Updated: 6/30/2005; 11:30:51 PM.


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  Monday, April 26, 2004

  Lee LeFever wins Perfect Corporate Weblog Pitch Competition

In case you need someone to convince executives about the value of blogging - ask Lee LeFever, the winner of Perfect Corporate Weblog Pitch Competition.

The carefully crafted pitch:

First, think about the value of the Wall Street Journal to business leaders. The value it provides is context the Journal allows readers to see themselves in the context of the financial world each day, which enables more informed decision making.

With this in mind, think about your company as a microcosm of the financial world.  Can your employees see themselves in the context of the whole company? Would more informed decisions be made if employees and leaders had access to internal news sources?

Weblogs serve this need.  By making internal websites simple to update, weblogs allow individuals and teams to maintain online journals that chronicle projects inside the company. These professional journals make it easy to produce and access internal news, providing context to the company context that can profoundly affect decision making.  In this way, weblogs allow employees and leaders to make more informed decisions through increasing their awareness of internal news and events.

In case Lee is too busy to help you, ask Randal Moss (second place), Michael Angeles or Jack Vinson (third place).

More on: blogs in business 

  Searching for knowledge as constructing personal learning experience

Another piece "around" now almost-finished-paper.

In the study we describe in the paper we carried out exploratory interviews (we did more :) using critical incidents technique (see Intel white paper for similar approach), asking people to recall several situations when they needed in-house knowledge and discussed why and what they were looking for, how they found it and what problems were encountered.

During the interviews we found out that in many cases when people talk about "searching for knowledge" they look for

  • information about knowledge (e.g. "what do we know about topic X in our organisation?")
  • knowledge representations (e.g. reports on certain subject)
  • knowledgeable people

This findings support the argument that knowledge doesn't exist "out there" (e.g. in documents) and that people need information cues and engagement of others to (re)construct it. A similar observation is made by Cross et. al. (2001: 102) who make a distinction between being informed about what another person knows and "the willingness of the person sought out to engage in problem solving rather than dump information".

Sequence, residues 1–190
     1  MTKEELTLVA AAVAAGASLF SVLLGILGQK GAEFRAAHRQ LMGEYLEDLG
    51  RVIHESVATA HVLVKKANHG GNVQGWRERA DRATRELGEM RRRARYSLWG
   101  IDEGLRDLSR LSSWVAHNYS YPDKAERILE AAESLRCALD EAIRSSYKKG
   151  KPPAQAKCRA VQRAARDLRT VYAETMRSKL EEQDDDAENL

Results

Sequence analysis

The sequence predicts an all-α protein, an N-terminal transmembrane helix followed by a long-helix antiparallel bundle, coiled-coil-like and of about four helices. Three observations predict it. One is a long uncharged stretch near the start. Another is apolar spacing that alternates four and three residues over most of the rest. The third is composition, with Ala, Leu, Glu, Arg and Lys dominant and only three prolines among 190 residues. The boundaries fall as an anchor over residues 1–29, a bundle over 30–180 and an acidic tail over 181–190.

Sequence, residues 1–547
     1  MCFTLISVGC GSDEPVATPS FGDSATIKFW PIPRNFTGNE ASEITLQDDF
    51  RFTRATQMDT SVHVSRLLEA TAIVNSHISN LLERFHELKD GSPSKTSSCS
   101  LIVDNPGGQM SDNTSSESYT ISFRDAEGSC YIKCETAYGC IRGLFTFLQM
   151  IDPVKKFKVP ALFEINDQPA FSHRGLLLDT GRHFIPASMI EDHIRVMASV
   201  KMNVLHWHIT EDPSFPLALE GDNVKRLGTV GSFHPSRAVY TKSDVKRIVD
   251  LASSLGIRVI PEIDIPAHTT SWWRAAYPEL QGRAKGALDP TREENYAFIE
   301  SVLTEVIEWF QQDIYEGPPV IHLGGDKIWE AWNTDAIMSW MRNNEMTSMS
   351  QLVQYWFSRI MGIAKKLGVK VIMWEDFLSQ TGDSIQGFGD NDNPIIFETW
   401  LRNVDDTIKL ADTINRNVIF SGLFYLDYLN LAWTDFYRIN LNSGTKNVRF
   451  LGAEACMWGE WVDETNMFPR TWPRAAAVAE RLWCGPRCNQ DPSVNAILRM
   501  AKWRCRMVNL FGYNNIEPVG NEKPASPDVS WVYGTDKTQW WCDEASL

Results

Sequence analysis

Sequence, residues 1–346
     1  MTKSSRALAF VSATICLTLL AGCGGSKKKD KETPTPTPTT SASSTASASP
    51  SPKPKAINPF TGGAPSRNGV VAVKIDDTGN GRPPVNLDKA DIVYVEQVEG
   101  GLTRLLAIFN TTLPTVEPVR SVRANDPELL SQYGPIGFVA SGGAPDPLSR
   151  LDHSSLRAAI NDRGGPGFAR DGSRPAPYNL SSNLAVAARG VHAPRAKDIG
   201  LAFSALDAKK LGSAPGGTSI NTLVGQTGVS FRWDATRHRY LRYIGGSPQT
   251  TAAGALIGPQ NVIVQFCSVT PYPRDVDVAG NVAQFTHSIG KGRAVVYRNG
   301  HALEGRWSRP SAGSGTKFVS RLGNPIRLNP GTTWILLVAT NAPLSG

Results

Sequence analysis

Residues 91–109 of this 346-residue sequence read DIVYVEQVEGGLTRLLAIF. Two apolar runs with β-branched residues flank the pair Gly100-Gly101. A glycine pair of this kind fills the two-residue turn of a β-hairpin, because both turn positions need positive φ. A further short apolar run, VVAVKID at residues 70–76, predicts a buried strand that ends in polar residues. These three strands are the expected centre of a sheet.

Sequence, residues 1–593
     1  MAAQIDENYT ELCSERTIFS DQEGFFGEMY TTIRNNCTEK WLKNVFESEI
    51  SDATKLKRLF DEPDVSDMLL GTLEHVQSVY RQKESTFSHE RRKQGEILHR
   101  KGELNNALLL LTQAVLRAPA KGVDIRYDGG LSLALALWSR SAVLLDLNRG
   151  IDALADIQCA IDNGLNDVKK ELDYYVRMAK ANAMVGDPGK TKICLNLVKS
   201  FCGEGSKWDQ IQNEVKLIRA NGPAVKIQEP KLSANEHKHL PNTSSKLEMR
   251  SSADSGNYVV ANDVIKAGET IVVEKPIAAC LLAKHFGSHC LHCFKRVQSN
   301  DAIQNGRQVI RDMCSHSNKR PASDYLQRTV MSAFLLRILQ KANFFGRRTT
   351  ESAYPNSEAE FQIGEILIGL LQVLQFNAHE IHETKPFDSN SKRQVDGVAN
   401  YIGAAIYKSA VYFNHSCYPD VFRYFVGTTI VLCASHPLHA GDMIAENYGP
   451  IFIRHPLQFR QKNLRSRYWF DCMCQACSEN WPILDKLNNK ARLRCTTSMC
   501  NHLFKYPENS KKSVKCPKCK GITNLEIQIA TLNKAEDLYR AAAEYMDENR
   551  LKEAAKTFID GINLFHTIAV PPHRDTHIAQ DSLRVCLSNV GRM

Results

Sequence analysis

From this perspective "searching for knowledge" is in fact searching for information and people within an organisation in order to obtain knowledge. Or, "searching for knowledge" is a process of constructing personal learning experience, selecting learning resources and engaging others as facilitators.

  Reinventing is more fun than reusing (2)

Just a quote illustrating that reinventing is more fun than reusing.

Overcoming "Not Invented Here" Syndrome (in software development context):

[...] Some organizations and individual developers seem quite content to re-invent the wheel over and over, congratulating themselves on their innovation at the same time.

Becoming more aware of what is already available, however, cannot help but shake our belief that "if you want it done right, do it yourself." Many developers, too, take too much of a perfectionist attitude when considering components for re-use. They look at the available alternatives, and dismiss them for various minor faults. "The doc is not adequate", or "it's not an efficient algorithm", we might hear. The faults may be quite real - but are they truly significant enough to justify starting from scratch? A developer must, of course, take a careful and considered look at components being considered for re-use - but if they do 90% of the job, is it really more effective to re-invent that 90%, plus the remaining 10, or would it make sense to contribute the final 10% to the existing component? Would it be as much fun? No, almost certainly not. Would it be more efficient and cost effective? Quite likely yes.

For an alternative opinion on reusing code of others, see In Defense of Not-Invented-Here Syndrome.

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© Copyright 2002-2005 Lilia Efimova.

This weblog is my learning diary. Sometimes I write about things related to my work, but the views expressed here are personal and do not necessarily reflect the views of my employer.

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